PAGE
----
No, it transports me to the middle floor, where I find an alchemist's laboratory. The only item of note in there is a flask of Blue Potion. As it has pointed ears etched on it, I think it's more likely to make me look like an Elf than counteract Sleeping Sickness when enhanced with the right ingredient. There's no green light beam on this level, so I try the purple one instead. And get painfully ejected from the Tower. I'm allowed to go back in, though, so I do. This time I try the blue beam, which takes me back to the middle floor. There's no point searching there again, so I try yellow. Which takes me back to the cellar (using a different section number from my previous cellar trip, just to catch out readers who notice the numbers). I smash the Mite again and step into the blue beam. Which sends me outside in a less painful manner.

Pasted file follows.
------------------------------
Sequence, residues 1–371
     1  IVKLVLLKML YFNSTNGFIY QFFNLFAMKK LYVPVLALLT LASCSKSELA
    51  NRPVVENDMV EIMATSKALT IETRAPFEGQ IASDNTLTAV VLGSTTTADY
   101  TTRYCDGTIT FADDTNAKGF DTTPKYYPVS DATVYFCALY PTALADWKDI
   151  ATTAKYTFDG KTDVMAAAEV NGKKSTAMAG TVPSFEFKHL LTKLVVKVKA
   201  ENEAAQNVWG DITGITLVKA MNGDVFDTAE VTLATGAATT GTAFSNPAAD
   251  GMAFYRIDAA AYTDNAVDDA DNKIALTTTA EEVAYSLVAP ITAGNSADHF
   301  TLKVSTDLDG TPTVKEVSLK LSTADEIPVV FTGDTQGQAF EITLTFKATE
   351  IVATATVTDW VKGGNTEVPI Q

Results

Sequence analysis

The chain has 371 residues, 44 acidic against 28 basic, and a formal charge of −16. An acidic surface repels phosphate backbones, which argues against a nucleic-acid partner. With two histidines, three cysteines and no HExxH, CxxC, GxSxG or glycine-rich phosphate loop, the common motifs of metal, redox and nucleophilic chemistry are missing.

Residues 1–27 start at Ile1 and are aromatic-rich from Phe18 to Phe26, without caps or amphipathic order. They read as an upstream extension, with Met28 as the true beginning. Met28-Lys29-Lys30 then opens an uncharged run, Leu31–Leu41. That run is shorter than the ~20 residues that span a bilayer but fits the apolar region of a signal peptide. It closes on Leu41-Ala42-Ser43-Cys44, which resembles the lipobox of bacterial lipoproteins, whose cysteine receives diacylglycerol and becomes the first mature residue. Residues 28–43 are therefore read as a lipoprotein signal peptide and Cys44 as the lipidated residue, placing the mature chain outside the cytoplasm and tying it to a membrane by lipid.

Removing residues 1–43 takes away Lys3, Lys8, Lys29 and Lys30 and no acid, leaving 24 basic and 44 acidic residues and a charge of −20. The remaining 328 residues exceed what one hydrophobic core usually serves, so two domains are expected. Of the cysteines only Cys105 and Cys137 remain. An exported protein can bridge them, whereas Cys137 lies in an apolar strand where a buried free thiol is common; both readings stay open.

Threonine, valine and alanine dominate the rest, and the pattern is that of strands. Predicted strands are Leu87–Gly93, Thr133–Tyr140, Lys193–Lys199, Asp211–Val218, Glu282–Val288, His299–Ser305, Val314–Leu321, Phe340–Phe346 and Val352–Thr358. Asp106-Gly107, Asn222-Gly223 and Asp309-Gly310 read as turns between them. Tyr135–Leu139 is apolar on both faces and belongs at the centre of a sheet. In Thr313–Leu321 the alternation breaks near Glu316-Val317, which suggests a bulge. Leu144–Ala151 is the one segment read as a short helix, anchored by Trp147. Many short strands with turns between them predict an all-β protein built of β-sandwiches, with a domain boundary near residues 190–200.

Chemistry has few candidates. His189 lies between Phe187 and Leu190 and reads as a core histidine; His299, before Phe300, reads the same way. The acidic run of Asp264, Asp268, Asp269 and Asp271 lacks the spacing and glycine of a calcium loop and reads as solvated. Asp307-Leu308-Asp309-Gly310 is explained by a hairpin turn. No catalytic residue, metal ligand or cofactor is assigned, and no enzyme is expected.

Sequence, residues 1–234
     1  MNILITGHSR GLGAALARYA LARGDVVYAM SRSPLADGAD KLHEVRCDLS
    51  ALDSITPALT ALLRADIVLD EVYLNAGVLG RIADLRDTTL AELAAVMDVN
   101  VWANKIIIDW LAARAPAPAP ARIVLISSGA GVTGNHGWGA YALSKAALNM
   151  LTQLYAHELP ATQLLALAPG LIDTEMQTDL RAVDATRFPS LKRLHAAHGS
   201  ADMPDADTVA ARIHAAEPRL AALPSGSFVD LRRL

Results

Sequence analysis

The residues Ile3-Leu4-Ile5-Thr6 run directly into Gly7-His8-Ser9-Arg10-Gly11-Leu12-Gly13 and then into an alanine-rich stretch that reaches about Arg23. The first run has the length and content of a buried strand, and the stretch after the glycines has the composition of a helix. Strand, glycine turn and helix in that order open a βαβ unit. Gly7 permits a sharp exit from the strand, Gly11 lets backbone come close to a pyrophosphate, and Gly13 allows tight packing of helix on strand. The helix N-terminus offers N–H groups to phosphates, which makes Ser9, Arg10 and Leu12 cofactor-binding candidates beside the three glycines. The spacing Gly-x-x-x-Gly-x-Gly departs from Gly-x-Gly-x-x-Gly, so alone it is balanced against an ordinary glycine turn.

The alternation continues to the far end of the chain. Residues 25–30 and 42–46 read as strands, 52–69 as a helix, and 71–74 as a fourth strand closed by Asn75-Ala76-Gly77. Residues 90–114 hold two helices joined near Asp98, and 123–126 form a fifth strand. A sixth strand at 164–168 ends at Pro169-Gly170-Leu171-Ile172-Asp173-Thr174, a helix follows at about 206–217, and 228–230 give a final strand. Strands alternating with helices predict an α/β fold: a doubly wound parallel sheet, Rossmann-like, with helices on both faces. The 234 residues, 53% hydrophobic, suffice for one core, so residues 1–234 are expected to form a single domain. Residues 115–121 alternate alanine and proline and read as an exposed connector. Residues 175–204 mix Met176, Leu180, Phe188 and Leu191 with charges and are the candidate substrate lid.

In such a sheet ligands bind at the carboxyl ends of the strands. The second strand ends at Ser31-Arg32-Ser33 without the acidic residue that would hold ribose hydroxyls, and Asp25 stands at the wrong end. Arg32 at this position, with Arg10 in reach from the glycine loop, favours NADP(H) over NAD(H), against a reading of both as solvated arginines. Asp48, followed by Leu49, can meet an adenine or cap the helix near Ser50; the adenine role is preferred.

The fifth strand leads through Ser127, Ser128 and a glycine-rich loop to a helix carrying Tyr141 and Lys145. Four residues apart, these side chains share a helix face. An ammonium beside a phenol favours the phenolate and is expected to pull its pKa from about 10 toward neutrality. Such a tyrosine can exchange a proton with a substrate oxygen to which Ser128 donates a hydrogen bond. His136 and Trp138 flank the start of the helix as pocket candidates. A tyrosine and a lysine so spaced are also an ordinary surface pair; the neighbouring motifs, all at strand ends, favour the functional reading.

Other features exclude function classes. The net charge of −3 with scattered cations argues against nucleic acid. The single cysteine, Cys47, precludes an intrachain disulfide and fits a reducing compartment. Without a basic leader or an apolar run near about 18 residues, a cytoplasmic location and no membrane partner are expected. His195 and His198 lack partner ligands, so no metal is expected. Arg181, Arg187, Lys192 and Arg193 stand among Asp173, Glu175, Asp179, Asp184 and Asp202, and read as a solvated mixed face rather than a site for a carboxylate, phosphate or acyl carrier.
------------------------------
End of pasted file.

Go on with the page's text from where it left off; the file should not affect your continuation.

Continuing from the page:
There are only two beams in the entrance hall, so I take the blue to the middle floor again, and then try the red one from there. Which takes me back to the ground floor. If I want to get to the top floor, I'm going to have to go via the cellar. The Ice Mite still hasn't learned to leave me alone, and once I've reduced it to its component crystals again, I step into the ominous-looking beam of pure darkness.

I arrive in the chamber at the top of the Tower (about time too), and see a brief vision of a theatre-like auditorium. That fades, leaving me in a gallery filled with ice sculptures of Elves. I look around, and the bust of the sculptor talks to me, revealing that the spirit I helped find peace in the Tower of Black Ice was Zeverin's apprentice, and there are more unhappy souls trapped in the catacombs, which I will need the Ice Keys to enter. The bust also offers to provide me with something useful if I can solve one of the nastiest puzzles in the book.